Authorities probing the cause of yesterday's fatal air crash at a shopping centre near Melbourne's Essendon Airport have been investigating a near miss involving the same charter company, it has been revealed.
Pilot Max Quartermain and four American tourists were killed when their Beechcraft B200 Super King Air experienced engine failure soon after take-off from Essendon Airport on Tuesday.
The plane, which was headed for King Island off Tasmania's north coast, crashed into the DFO shopping centre and exploded into flames.
The ABC reports Mr Quartermain was under investigation by the Australian Transport Safety Bureau (ATSB) after his plane, with a call signal VH-OWN, came within 100m of another aircraft in bad weather at Mt Hotham in September 2015.
An investigation summary reported the plane had "tracking difficulties" on approach to Mt Hotham during a charter flight as low cloud had made conditions difficult.
The summary reads: "VH-OWN was then observed to carry out significant manoeuvring while on short final to the runway before landing."
The final report was due to be released last year, but has been delayed several times. A final report is due in May.
Although Mr Quartermain was not named in the ATSB report, the ABC reported he was ordered to re-do his instrument rating qualifications after the Hotham incident.
"Following the incident at Mount Hotham, the Civil Aviation Safety Authority required the pilot to undergo some additional proficiency checks. They were done, the pilot passed those checks," a CASA spokesman said.
"And in subsequent checks done prior to yesterday's flight... the pilot has passed all of those."
Authorities said the cause of the crash near Essendon Airport was still under investigation.
Friends say pilot was highly respected
Mr Quartermain was the co-owner of Corporate and Leisure Aviation, which operated the plane.
The company's website said he had more than 38 years of charter experience and "an impeccable safety record".
At least three friends of Mr Quartermain contacted the ABC yesterday and described him as being a highly respected and trusted pilot.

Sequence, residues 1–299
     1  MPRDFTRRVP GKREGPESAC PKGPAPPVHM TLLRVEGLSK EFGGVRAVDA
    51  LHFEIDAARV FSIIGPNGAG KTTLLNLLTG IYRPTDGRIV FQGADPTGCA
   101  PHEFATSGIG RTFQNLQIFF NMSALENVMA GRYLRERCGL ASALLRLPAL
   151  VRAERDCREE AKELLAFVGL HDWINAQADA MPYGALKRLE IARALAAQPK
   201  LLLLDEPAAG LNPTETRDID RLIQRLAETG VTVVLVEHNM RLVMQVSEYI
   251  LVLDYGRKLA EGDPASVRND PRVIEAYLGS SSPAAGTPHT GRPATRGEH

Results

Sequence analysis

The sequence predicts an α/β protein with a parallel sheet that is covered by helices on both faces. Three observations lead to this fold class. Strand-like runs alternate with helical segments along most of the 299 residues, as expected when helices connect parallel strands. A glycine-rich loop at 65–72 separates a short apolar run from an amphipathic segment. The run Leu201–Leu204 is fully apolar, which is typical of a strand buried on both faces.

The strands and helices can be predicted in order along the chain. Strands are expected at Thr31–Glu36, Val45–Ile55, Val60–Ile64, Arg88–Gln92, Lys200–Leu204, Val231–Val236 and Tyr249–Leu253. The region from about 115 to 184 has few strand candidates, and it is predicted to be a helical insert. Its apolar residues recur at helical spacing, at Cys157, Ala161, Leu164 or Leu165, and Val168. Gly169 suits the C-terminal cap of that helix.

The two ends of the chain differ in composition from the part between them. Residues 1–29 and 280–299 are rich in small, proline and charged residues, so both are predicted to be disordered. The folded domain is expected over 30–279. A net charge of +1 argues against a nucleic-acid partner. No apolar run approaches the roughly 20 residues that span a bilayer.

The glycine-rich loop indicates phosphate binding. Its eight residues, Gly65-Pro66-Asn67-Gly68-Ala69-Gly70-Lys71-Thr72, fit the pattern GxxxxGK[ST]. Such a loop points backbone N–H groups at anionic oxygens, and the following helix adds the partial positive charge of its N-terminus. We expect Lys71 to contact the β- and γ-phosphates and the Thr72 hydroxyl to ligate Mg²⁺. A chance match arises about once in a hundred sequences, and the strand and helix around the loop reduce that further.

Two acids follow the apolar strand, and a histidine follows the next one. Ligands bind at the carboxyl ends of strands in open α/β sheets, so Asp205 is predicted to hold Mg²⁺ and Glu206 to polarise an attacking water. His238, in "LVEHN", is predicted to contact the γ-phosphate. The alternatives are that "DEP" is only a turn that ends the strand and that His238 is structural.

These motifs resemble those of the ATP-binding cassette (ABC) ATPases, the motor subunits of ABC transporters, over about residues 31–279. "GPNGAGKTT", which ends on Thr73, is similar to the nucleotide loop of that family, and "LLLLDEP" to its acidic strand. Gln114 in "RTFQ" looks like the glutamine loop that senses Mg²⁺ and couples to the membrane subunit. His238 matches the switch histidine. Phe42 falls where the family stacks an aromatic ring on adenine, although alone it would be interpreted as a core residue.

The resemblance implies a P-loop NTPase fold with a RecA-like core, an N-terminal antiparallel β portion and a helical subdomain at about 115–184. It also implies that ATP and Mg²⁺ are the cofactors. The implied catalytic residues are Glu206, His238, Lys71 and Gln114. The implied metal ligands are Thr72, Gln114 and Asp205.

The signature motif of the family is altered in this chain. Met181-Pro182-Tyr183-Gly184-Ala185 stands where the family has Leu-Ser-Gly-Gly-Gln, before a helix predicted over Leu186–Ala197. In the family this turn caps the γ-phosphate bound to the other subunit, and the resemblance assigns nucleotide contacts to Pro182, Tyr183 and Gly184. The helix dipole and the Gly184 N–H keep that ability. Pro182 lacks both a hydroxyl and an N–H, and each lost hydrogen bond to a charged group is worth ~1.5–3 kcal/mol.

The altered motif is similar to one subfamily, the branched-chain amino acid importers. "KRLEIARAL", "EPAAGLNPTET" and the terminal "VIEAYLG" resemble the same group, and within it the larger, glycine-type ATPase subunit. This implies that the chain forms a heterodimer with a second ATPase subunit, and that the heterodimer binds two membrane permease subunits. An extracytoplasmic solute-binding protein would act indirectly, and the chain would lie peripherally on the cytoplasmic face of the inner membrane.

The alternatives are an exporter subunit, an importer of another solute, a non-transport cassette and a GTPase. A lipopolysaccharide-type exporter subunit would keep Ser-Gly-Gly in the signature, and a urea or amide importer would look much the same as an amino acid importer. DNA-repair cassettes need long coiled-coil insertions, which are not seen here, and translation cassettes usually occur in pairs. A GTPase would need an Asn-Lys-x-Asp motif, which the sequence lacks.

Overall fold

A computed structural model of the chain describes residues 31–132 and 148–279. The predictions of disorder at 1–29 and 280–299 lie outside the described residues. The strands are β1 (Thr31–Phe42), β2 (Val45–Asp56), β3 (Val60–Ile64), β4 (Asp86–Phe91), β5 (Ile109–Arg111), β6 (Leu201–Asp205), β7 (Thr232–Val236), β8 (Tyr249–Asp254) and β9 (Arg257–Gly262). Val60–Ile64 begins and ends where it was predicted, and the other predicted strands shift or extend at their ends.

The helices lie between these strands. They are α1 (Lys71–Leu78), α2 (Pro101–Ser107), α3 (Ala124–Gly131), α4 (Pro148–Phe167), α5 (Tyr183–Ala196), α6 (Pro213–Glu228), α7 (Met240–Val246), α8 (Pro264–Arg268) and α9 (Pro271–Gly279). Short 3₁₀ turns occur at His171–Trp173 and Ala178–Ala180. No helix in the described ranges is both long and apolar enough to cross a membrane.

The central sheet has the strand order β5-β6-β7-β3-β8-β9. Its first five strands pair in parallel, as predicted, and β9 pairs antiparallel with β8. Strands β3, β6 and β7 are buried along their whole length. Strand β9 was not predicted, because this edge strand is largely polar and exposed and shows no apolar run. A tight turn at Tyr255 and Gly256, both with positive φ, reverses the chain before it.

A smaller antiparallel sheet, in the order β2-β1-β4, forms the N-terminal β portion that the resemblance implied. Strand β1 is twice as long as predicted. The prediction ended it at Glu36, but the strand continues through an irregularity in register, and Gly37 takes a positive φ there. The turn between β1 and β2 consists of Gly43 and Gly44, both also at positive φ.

CASA records showed the plane which crashed at Essendon yesterday, with the call sign VH-ZCR, was registered with Australian Corporate Jet Centres at Essendon.
When contacted last night, the ABC was referred to the company's chief executive, Vas Nikolovski, who did not return calls.
Some 'commercial development incompatible with aviation'
Aircraft Owners and Pilots Association executive director Benjamin Morgan said planning rules which had allowed large buildings close to airport runways meant pilots no longer had space in the case of emergencies.
"Distinctly separate from the investigation that will take place now, I do see an issue in the location of DFO," he told ABC Radio Melbourne.
"The Aircraft Owners and Pilots Association over the last two decades has been advocating quite strongly to the government and various stakeholders that there has been far too much commercial and industrial development that is simply incompatible with aviation.
"I think that what we're looking at here is not isolated to Essendon, it is replicated at many airports around the country and it has come as the result of airport privatisation and it's a very sad outcome."
Mr Morgan said both private and commercial flights, however, were subject to stringent checks.
"Certainly the Beechcraft King Air is renowned globally as being a very reliable and safe aircraft," he said.
Police said it would be several more days before air safety investigators finished examining the scene after the crash.
Essendon Airport and the shopping centre will be closed while investigations continue.